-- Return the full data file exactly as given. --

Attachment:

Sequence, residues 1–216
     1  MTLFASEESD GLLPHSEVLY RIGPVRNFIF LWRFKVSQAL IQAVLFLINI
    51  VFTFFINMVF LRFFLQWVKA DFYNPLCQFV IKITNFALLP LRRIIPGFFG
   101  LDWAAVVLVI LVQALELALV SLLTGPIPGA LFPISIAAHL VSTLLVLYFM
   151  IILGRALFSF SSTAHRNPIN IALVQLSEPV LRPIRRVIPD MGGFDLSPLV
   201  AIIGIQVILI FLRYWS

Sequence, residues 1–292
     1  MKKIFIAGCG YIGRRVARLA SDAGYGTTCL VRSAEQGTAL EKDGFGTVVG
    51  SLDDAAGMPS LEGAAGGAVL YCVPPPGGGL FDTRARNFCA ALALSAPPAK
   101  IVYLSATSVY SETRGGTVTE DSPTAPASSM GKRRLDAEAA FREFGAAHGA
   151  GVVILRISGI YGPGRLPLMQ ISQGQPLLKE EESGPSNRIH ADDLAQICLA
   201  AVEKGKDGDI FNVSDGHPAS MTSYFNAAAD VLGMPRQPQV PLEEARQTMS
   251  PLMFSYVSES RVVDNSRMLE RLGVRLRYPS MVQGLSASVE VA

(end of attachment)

Sequence, residues 1–216
     1  MTLFASEESD GLLPHSEVLY RIGPVRNFIF LWRFKVSQAL IQAVLFLINI
    51  VFTFFINMVF LRFFLQWVKA DFYNPLCQFV IKITNFALLP LRRIIPGFFG
   101  LDWAAVVLVI LVQALELALV SLLTGPIPGA LFPISIAAHL VSTLLVLYFM
   151  IILGRALFSF SSTAHRNPIN IALVQLSEPV LRPIRRVIPD MGGFDLSPLV
   201  AIIGIQVILI FLRYWS

Sequence, residues 1–292
     1  MKKIFIAGCG YIGRRVARLA SDAGYGTTCL VRSAEQGTAL EKDGFGTVVG
    51  SLDDAAGMPS LEGAAGGAVL YCVPPPGGGL FDTRARNFCA ALALSAPPAK
   101  IVYLSATSVY SETRGGTVTE DSPTAPASSM GKRRLDAEAA FREFGAAHGA
   151  GVVILRISGI YGPGRLPLMQ ISQGQPLLKE EESGPSNRIH ADDLAQICLA
   201  AVEKGKDGDI FNVSDGHPAS MTSYFNAAAD VLGMPRQPQV PLEEARQTMS
   251  PLMFSYVSES RVVDNSRMLE RLGVRLRYPS MVQGLSASVE VA